Will New Jersey ignore the Supreme Court on the sports betting issue?

On Monday, the U.S. Supreme Court refused to accept New Jersey’s appeal about legalized sports betting. But one politician seemingly has a plan to get around the decision.

Atlantic_City550State Senator Ray Lesniak repeated claims on Monday—arguments first made on a New York sports radio station last weekthat New Jersey should ignore the feds, just like Colorado and Washington State did when voters there approved legalized marijuana in referendums.

Back in 2011, New Jersey voters overwhelmingly approved a referendum amending the state constitution to allow sports betting at casinos and other facilities. Lawmakers in Trenton then passed a law to allow betting, but the Justice Department jumped into the situation when the major pro sports leagues and the NCAA sued.

Lesniak said in a statement today that he would introduce new legislation to make sure pro sports betting happens, with or without federal approval.

“I expect that the U.S. Justice Department will refrain from intervening, as they have with Colorado and Washington when those states legalized marijuana,” Lesniak said. “I plan on placing my first bet at Monmouth Racetrack on Sept. 8 for the Giants to beat the spread against the Lions on ‘Monday Night Football.’”

The state’s top two political leaders seemed less assured that the state would tackle the Justice Department, the Supreme Court, the NFL and others after New Jersey lost its latest court battle on sports betting.

Democratic leader Steve Sweeney said he thought the federal law was unconstitutional and he wasn’t giving up.

“We will be working with our legal team and advocates to determine the best course of action moving forward,” he said.

New Jersey Governor Chris Christie, a former U.S. Attorney, was blunter. “That’s the way it goes,” Christie said at a charity event on Monday. “They said no so we have to move on.”

Lesniak, who also is an attorney, is arguing that a provision in a lower court ruling could be used to get around a federal law that allows only four state governments to run sports betting operations.

The Professional and Amateur Sports Protection Act (PASPA) of 1992 allows pro sports betting in Nevada, Oregon, Delaware and Montana. New Jersey also had an opportunity to be on the short list of betting-approved states, but it didn’t take up the offer in the 1990s.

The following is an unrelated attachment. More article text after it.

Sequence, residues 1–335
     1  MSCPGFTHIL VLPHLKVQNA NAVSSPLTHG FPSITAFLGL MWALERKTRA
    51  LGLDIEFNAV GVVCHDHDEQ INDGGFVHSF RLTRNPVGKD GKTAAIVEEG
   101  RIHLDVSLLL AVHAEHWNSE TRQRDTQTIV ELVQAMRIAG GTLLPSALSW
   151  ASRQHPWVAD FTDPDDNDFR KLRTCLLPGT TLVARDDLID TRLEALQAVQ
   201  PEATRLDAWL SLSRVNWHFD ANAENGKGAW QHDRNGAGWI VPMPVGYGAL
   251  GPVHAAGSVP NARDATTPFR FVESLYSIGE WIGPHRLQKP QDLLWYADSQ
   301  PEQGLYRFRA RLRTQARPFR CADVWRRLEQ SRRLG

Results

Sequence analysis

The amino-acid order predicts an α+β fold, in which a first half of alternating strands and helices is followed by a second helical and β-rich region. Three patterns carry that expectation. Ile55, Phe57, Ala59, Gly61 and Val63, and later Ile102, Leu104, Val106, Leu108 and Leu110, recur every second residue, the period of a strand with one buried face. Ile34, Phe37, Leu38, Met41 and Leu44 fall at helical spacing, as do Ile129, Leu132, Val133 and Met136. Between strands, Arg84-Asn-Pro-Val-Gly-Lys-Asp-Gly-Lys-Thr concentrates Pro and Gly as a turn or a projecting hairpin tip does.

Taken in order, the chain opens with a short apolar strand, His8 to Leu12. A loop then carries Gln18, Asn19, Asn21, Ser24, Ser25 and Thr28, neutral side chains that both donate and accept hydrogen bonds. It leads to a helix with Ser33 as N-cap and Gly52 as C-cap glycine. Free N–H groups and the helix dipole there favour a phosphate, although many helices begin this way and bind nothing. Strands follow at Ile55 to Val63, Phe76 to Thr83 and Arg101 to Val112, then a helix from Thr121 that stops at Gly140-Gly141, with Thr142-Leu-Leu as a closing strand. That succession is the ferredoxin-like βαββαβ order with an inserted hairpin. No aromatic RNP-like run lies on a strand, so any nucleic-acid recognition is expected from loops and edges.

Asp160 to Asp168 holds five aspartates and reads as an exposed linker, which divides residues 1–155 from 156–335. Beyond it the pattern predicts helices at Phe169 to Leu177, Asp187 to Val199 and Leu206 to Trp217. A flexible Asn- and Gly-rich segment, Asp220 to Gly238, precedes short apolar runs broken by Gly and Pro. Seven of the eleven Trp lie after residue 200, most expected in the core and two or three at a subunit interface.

According to published reports, Lesniak may seek to amend New Jersey’s law to loosen restrictions on all sports betting as way to get around the federal court decisions.

Draft legislation obtained by NJBiz.com cites wording from a federal appeals court decision last year as a basis for allowing casinos and racetracks to conduct sports betting without direct government supervision via a license.

“Sports wagering conducted at a racetrack or casino under procedures developed solely by the racetrack or casino is not considered unlawful gambling under New Jersey law,” the draft law says.

The reason is linked to a statement in the Third Circuit Court of Appeals ruling from last September, which said that “we do not read PASPA to prohibit New Jersey from repealing its ban on sports wagering.”

“Nothing in these words requires that the state keep any law in place. All that is prohibited is the issuance of gambling ‘license[s]’ or the affirmative ‘authoriz[ation] by law, of gambling schemes,” said Lesniak, as quoted on NJBiz.com.

Given that the Justice Department would likely view such an action as an end run around the Supreme Court and appeals court decisions, the passage of Lesniak’s law will be closely watched, and if passed, would wind up on Gov. Christie’s desk.

Scott Bomboy is the editor in chief of the National Constitution Center.

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